Belinda Medellin and her high schoolers at CAST Tech quickly adapted to the new remote learning environment, successfully implementing project-based and personalized learning from home.
CAST Tech High prepares high school students for careers in technology and business. The school works with industry partners to give students hands-on experiences through internships—typically in one of three pathways: Computer Science, Digital Media, and UX Design. To graduate, students are required to create a digital portfolio to apply for internships, jobs and further their education opportunities.
CAST Tech is the first high school in the U.S. to teach UX Design at the high school level. The innovator of the UX Design program is 2020 Secondary Texas Teacher of the Year, Belinda Medellin. Belinda has been teaching for 12 years, three years at CAST Tech. She discovered bulb Digital Portfolios, and helped implement the use of it school-wide.
School closures due to COVID-19 have been overwhelming and challenging for educators to teach students remotely. Some of the concerns of teachers include:
- How can I stay connected with my students every day?
- How can I effectively teach new concepts, and deliver individualized learning plans?
- How do I ensure the learning is taking place and how do I encourage it?
Belinda addressed these concerns with bulb. Her students were able to quickly adapt to remote learning, using bulb in conjunction with Google Classroom. Even remotely, students are working on jump-starting their careers and documenting their work to show future employers. bulb has allowed students to effectively communicate with their teacher and peers, and become active agents of their own learning.
Communicating with students clearly
Teachers can clearly communicate with their students about assignments, rubrics, expectations, and office hours using bulb. They can address the different learning styles of students when explaining assignments—Belinda uses video for students that are more visual, written instructions if they like to read, and adds supporting images and links to resources. Below is an example of what Belinda’s weekly assignments and objectives to her students look like in bulb.
Knowing she does not have dedicated face-to-face time within a classroom with her students, and that some of the juniors and seniors are completing internships, Belinda relies on bulb to keep communication going. Through bulb, Belinda states her office hours and offers different ways students can communicate with her. Students also have the ability to add comments through in line commenting, or at the bottom of a page.
Being able to quickly and easily communicate with their teacher through bulb, students were able to provide real-time feedback on what was working and what wasn’t working in their new remote learning environments. Belinda and her students quickly adapted, creating a setup that is tailored to individualized learning.
Giving students a voice and a choice
bulb gives students a platform to complete projects using their preferred method of delivery: they can use audio, video, text, images, or a creative combination of all of them. It helps students take ownership and feel proud of the work they produced. It gives educators the ability to individualize lesson plans and discover students’ hidden talents.
“I’m able to make it fun. I can add video, pictures, cool things I think are neat. I’m able to do it my way, instead of sitting down at a desk and just writing.” —Li, 10th grade student from CAST Tech High School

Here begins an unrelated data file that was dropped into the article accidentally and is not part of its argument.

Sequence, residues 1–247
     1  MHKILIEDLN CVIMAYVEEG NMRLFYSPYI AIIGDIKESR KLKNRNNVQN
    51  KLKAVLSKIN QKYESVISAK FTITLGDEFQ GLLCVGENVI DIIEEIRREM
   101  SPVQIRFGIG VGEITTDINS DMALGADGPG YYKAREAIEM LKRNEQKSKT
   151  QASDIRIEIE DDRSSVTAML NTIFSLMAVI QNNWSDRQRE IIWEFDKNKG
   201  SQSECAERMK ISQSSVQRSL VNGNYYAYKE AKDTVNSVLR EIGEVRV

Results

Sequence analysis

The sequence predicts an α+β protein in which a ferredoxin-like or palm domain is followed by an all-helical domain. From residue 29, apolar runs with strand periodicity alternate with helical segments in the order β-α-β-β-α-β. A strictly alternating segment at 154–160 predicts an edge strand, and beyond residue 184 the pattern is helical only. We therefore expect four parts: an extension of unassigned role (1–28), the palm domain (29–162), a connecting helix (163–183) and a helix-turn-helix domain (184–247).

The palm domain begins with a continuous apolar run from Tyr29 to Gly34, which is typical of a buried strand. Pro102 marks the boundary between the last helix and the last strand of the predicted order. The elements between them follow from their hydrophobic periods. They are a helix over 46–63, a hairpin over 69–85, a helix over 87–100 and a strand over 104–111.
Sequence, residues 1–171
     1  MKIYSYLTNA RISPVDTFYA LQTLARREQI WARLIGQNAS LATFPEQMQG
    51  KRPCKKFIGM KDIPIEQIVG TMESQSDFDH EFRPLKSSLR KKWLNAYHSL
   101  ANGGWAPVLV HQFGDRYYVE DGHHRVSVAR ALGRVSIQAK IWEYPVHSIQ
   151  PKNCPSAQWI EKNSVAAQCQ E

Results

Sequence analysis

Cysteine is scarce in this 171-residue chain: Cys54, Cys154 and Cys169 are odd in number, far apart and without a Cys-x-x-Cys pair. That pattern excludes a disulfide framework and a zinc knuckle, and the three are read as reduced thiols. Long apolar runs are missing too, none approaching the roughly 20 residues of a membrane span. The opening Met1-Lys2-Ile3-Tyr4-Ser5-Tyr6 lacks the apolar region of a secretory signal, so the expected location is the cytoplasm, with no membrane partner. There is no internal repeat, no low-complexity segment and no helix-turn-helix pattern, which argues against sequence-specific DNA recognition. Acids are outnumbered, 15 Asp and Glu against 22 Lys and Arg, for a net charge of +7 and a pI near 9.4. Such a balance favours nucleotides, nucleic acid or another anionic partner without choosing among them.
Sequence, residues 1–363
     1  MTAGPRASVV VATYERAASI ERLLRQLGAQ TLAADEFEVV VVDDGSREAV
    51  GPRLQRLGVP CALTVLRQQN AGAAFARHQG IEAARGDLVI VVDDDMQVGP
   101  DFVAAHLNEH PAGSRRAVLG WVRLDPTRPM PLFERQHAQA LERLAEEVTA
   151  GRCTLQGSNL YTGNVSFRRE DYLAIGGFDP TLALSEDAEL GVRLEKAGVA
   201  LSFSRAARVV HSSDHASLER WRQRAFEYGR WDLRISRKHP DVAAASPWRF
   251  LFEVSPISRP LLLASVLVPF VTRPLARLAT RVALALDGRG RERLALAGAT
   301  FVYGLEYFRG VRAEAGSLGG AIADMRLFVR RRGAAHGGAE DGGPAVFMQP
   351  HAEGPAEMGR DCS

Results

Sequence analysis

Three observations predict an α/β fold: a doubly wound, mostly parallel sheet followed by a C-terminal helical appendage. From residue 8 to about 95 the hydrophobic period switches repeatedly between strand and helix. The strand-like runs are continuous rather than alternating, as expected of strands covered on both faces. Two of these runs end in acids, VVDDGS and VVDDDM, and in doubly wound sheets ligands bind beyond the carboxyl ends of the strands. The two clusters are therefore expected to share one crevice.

“For a lot of students, bulb helps them express themselves differently and make learning their own. They still need the requirements of the assignment, but they can choose to express it in a way they do better with, or it allows them to go deeper into their learning. It’s so customizable they can use it to help them with really, anything. —Peyton, 9th grade student from CAST Tech High School
Documenting process to show learning is happening
In Belinda’s project-based learning classroom, her students are able to document and show their learning processes using bulb. It demonstrates the student’s ability to synthesize information, break it down into logical steps, and show more than the final answer. In a remote learning environment, it’s more important than ever to find ways to document process since a teacher is not able to monitor in class, student’s work.
“Now is our time to shift from the rigid ‘teaching to the standards’ method that only focuses on outcomes to more student-centered learning. Learning that focuses on accountability, progress, and personalized goal-driven strategies that demonstrate achievement.” —bulb Founder and Chairman, Erik Petrik
Documenting processes in a digital portfolio helps educators see where students land at the end of the 19-20 school year, and provides clear directions for individualized learning plans in the 20-21 school year. It also helps students archive and refer back to their work.
“Since bulb is so easy for me to archive my work, it’s really helped me to go back and look at my work to see what I can improve on. I’m doing a lot of retrospective learning through that.”
Integrating with LMSs
Using bulb to assign and grade student work ensures Belinda doesn’t inundate the LMS. Students and teachers exchange direct, valuable feedback within bulb. Her students agree that this has streamlined the process, and “instead of using two or three platforms, bulb makes it so all of their work can be found in one place.”
On Google Classroom, Belinda easily shares a link to a bulb page and the students can create a template from it. After the student completes their assignment in bulb, they simply post the link back to Google Classroom, instead of having to upload multiple files.
Get inspired by Belinda & her students
Teacher & Student View: Using Digital Portfolios for Remote Learning
Belinda Medellin's digital ortfolio
An example of Belinda's Remote Lesson Plans